ANAHEIM, Calif. – The All-Star game is a great opportunity to see baseball royalty in action, as most of the game’s best players will all be together in one spot.
But who are the true greats, the so called bucket-list players who every fan should see play at least once? For help in these matters, we went to the players themselves and asked for their opinions. This is what they said.
Here is an excerpt from Indians reliever Chris Perez, speaking of Albert Pujols …
“I was fortunate enough to play with him my first year in the big leagues, and I got to see his work ethic and what kind of person he is. I don’t think there’s anybody better in the game than him, honestly. Thirty years from now, I think it’d be pretty special to say I played with Albert Pujols and watch him strap it up for a season.”
Check out the story to see who else the players love.
And join us in a Twitter chat Monday morning at 11 a.m. ET to share your own thoughts. Make sure you include the #mlbbucket tag when you send your Tweet.
Are you on Twitter? You can follow Bob here, and get all your HBT updates here.
The Oakland Athletics have activated DH Billy Butler from the 7-day concussion disabled list.
Butler, you’ll recall, suffered a concussion last weekend in a clubhouse fight with teammate Danny Valencia. The two have since apologized to each other and to the A’s organization for creating what would, if everyone’s being honest, serve as the dramatic peak of the A’s disappointing year.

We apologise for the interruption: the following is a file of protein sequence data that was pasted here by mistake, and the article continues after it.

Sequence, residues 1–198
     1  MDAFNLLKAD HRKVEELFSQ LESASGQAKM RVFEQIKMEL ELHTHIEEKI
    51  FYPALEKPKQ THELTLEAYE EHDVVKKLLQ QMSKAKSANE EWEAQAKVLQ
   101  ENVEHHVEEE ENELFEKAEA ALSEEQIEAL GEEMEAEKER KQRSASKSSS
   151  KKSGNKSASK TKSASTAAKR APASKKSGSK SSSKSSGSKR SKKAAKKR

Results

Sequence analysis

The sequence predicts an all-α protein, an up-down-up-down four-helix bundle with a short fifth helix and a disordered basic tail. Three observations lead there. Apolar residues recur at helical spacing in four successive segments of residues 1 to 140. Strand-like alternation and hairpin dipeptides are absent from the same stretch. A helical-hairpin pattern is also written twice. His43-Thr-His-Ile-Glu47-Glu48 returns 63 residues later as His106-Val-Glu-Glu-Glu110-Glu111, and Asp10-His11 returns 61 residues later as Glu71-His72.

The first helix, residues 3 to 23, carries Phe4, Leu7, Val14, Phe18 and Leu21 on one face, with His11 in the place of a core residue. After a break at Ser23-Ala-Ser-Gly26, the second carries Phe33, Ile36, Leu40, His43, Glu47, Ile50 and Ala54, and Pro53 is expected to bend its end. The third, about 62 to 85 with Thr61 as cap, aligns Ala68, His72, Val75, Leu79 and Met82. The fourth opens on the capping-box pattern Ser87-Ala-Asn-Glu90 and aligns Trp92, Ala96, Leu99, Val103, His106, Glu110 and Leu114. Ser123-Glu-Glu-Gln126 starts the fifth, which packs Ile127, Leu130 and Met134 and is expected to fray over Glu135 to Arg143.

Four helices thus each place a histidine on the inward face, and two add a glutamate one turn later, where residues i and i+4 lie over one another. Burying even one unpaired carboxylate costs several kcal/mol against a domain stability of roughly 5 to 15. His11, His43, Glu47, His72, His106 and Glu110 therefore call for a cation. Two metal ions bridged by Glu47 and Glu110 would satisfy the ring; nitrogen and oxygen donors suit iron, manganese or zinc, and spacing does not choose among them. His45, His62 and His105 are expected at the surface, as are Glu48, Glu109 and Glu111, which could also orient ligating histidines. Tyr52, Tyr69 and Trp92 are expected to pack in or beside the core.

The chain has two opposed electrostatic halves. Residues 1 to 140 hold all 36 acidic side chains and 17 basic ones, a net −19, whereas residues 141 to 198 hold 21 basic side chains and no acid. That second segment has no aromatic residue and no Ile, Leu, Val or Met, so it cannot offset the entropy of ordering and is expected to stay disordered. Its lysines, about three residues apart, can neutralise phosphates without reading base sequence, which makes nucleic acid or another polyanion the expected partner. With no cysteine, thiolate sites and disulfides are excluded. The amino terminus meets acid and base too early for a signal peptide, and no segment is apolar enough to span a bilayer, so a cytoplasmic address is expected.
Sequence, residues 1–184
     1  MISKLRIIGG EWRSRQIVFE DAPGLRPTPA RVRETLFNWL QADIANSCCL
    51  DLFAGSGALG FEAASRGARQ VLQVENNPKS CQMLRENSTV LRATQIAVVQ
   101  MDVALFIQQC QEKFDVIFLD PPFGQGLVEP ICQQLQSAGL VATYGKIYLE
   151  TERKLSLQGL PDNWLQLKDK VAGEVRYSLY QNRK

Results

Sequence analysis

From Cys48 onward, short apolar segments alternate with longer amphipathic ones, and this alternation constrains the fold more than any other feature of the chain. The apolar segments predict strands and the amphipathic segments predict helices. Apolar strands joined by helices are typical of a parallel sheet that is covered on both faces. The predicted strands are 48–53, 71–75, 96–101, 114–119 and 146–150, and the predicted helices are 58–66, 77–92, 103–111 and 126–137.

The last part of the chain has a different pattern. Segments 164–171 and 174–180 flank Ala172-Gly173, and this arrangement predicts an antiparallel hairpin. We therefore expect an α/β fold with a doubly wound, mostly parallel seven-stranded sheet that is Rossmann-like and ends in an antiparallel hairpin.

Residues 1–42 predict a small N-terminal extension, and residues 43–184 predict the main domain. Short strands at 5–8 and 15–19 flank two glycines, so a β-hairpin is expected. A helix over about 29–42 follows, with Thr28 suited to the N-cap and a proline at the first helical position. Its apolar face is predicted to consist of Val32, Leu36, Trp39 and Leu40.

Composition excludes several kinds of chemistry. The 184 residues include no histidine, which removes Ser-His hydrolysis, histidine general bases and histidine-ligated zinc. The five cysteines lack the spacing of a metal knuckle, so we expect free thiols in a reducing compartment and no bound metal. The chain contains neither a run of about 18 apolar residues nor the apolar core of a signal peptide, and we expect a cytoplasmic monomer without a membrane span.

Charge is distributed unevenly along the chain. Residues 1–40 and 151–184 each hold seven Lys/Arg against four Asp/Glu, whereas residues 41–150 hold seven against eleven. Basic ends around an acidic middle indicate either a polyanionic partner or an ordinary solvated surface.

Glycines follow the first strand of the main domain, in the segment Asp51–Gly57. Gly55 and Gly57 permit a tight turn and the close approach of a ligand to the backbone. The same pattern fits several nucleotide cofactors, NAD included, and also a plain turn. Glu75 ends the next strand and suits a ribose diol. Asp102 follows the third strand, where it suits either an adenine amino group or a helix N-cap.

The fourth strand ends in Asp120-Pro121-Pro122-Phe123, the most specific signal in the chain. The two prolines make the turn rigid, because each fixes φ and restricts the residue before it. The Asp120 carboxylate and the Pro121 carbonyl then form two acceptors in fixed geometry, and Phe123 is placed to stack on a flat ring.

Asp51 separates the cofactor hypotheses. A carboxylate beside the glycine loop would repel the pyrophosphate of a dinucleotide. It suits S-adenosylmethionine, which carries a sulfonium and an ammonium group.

Speaking of disappointing, Butler is hitting.286/.338/.419 with four homers and 30 RBI in 228 plate appearances this season.
FOX Sports’ Jon Morosi reports that Tim Tebow’s baseball workout, which will take place tomorrow in Los Angeles, will be attended by scouts from “roughly half” of the 30 major league teams. Morosi noted in a later tweet that a lot of the people going to see the workout are people “with influence.” That could mean that people are taking him seriously. It could mean that people want to gawk. The proof will ultimately be in the pudding.
As we’ve noted, Tebow is 29 and he asn’t played competitive baseball since high school. While some people who have watched him work out have said complimentary things about his preparation and approach, an anonymous scout told ESPN.com last week that Tebow’s swing is so long it might “take out the front row.”
Color us skeptical until someone who works for a club, as opposed to people who have been invited to coach him, pitch to him or work out with him, says that Tebow has a chance.